I’ve always known I was adopted. This fact has never defined me; instead, it serves as a sort of “fun fact” that I mention offhand.
Sometimes, however, the fact of my adoption precedes me telling it. It’s when my friends meet my mom for the first time or when I walk up to the front desk of a business with my mom by my side. It’s that split-second look on their faces: confusion, puzzlement, hesitancy.
My mom: wavy chocolate hair, brown eyes, white skin, nice smile, born and raised in Western New York.
Me: pin-straight dark hair, black-brown eyes, tan skin, nice smile, born in China and raised in Southern California.
Our very obvious differences in appearance have never bothered me; what I can’t stand are the assumptions after a person sees me and thinks they know my background.
It’s when a nice woman begins speaking Mandarin to me, when someone asks if I go to Chinese school on Saturdays and when I explain I do not speak Mandarin or Cantonese nor have I been to Chinese school.
I grew up in a middle-class family with two white parents. We lived in a big house with a large backyard and a dog in a white-majority beach town. I grew up eating my mom’s delicious pasta dishes, meatloaf and garlic bread.
To my parents’ credit, I was not raised ignorant of my Chinese heritage. When I was a child, each year, we celebrated Lunar New Year, took trips to Chinatown in Los Angeles and for about five years, we would attend reunions with the other girls who were adopted with me, during which we would participate in Chinese traditions.
When we celebrated and acknowledged Chinese traditions, however, it never felt like my culture. There has always been an intangible sense of displacement or distance from my birthplace.
I never gave this any thought until the summer before my senior year of high school at a journalism camp. I found myself sitting with girls who looked just like me, and it felt nice — comforting. I could count how many Asian American students attended my high school. It was the first time I had ever experienced a sense of ethnic community.
But the feeling quickly died out. They began talking about the latest Korean drama on Netflix, complaining about Saturday Chinese school and discussing their favorite foods that their parents made for dinner. That sense of community dissipated into a stark sense of isolation as I realized I couldn’t relate to them.
That day was the very first time I began to realize the contradiction within me: the two identities that I’ve always lived with but never thought about or really acknowledged — to be Asian and American.
I remember one day during freshman year, I was walking with a friend who also happened to be Asian American. He was born in the United States but had two Asian parents, and I asked him if there was a culture he identifies with more strongly, and he replied, “Asian.”
I could not and cannot say the same.
I know my struggle between two identities is not necessarily novel, and it is not constrained between American and Asian identities. It captures the experience of those who are children of immigrants, stuck between the heritage of their parents and the lives they live in the United States. It includes those who feel they are “too white” to fit in with their family or ethnicity or “too ___” to fit in with their friends.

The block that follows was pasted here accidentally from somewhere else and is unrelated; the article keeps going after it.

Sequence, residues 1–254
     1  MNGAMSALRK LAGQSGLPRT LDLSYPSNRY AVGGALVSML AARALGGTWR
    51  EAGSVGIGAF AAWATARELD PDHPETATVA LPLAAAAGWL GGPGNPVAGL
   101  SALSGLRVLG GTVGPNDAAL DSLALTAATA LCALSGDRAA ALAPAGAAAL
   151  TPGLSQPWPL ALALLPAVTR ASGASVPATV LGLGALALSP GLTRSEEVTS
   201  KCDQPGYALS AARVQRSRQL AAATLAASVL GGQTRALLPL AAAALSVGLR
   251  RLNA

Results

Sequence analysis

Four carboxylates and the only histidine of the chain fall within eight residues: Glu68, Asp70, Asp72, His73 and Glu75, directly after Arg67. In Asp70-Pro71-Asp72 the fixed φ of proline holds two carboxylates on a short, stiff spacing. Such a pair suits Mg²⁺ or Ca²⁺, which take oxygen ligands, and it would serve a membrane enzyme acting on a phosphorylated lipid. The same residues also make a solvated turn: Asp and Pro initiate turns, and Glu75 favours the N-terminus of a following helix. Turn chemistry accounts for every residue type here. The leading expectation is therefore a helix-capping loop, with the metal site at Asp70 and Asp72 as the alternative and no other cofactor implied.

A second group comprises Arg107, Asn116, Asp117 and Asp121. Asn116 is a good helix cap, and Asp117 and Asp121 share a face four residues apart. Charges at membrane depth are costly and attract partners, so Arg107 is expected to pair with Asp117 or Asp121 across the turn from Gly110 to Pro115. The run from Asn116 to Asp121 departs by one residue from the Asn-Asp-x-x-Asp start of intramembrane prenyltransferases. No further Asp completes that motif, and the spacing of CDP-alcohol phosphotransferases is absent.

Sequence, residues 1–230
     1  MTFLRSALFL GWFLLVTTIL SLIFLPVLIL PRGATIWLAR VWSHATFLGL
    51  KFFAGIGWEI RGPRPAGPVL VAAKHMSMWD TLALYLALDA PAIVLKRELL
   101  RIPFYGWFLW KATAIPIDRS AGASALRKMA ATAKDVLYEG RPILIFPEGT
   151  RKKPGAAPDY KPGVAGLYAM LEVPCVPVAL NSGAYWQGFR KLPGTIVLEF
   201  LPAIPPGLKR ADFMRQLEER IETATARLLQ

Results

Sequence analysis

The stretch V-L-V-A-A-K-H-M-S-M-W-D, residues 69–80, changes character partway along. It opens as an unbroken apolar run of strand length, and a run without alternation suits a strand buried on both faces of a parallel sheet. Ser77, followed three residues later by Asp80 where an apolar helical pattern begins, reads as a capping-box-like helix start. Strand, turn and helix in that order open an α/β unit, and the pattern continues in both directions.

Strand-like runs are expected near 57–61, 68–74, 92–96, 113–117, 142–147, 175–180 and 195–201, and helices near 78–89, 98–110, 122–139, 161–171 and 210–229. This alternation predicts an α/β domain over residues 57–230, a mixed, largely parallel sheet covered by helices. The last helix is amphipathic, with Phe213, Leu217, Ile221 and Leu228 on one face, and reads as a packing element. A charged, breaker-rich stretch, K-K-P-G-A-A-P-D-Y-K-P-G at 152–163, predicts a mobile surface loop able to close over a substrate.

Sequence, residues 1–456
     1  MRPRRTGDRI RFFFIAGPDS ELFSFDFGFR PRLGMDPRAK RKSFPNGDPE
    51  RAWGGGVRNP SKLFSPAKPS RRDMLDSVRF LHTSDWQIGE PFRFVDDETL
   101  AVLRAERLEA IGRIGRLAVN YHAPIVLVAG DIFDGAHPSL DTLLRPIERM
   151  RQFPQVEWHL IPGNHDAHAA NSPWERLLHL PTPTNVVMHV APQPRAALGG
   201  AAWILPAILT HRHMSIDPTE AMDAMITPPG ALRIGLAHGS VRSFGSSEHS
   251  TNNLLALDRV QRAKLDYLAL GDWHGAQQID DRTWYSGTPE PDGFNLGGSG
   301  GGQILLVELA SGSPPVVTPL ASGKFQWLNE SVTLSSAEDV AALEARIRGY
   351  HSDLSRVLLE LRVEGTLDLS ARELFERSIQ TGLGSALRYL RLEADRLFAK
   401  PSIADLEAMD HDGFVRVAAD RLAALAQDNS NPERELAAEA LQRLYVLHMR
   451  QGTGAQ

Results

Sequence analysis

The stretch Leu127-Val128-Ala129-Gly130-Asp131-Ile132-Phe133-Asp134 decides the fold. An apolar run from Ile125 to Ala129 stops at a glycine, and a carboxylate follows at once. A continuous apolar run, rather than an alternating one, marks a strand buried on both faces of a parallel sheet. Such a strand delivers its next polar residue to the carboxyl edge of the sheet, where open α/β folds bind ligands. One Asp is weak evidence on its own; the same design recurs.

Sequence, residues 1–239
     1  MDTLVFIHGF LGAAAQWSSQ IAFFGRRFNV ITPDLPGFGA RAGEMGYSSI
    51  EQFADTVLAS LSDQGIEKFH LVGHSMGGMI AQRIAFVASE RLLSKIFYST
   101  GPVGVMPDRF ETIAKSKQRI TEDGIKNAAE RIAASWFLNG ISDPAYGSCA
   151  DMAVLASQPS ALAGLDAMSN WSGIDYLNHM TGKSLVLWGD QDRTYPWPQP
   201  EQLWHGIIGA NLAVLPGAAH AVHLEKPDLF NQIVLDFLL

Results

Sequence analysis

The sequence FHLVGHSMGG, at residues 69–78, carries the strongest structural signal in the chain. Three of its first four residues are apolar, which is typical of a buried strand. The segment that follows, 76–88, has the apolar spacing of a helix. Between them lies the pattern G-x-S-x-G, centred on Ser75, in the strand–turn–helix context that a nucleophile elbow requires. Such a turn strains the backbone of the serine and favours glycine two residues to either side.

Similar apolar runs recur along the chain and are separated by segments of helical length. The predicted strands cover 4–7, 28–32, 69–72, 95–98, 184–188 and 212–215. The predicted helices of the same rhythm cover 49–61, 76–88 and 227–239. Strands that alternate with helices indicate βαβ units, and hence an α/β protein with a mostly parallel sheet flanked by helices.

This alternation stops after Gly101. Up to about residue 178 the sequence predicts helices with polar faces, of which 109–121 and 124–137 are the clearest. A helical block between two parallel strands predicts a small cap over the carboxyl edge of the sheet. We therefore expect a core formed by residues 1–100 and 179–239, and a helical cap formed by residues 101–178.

For me, however, this feeling is exacerbated by the fact that I have no one and nothing to fall back on to create a connection with my heritage. It’s not a matter of trying to meet the standards of my Chinese ethnicity for my white parents. It often feels instead like I must meet this standard for those who see me as only Chinese. No, I am not merely “white-washed” or “wasian.”
I know I am not alone in this seemingly specific sense of constant limbo between my Chinese and American identities. According to Pew Research Center, nearly 80,000 Chinese children were adopted by American parents between 1991 and 2016, and an overwhelming number of these adoptees were female Chinese babies. My adoption — and many others’ — was fueled by China’s one-child policy, which ended in 2015. And many of these Chinese baby girls found new homes with two white parents.
Since that summer before my last year of high school and now attending UC Berkeley, a campus that places an emphasis on respecting and exploring identities, I have done some serious exploration into who I am and what it means for me to be a Chinese adoptee. It means that I don’t fit in with the numerous Asian American clubs on campus. It means that I see the world through the lens of someone who was raised with a sense of white privilege. This extraordinary experience has set me on a path that is so different, but also shared with other Chinese adoptees across the country.
My experience has made me see the world in a unique way. I am thankful to have been raised with certain privileges that I may not have been granted if I had not been adopted. I am thankful to have such a unique story. I wouldn’t change the way I was raised in any way.
The truth of the matter is my mom is my mom. My family is my family, no matter how different we look. Ethnicity doesn’t define love and it doesn’t define family. Blood isn’t thicker than water.
My exploration into my identity has not pushed me to try to regain or build some sort of connection with my Chinese heritage — even though for other adoptees, it might. I am happy with who I am, the person whom my mom has raised me to become. My exploration into my identity has grown to be a sense of peace and true acknowledgement of who I really am.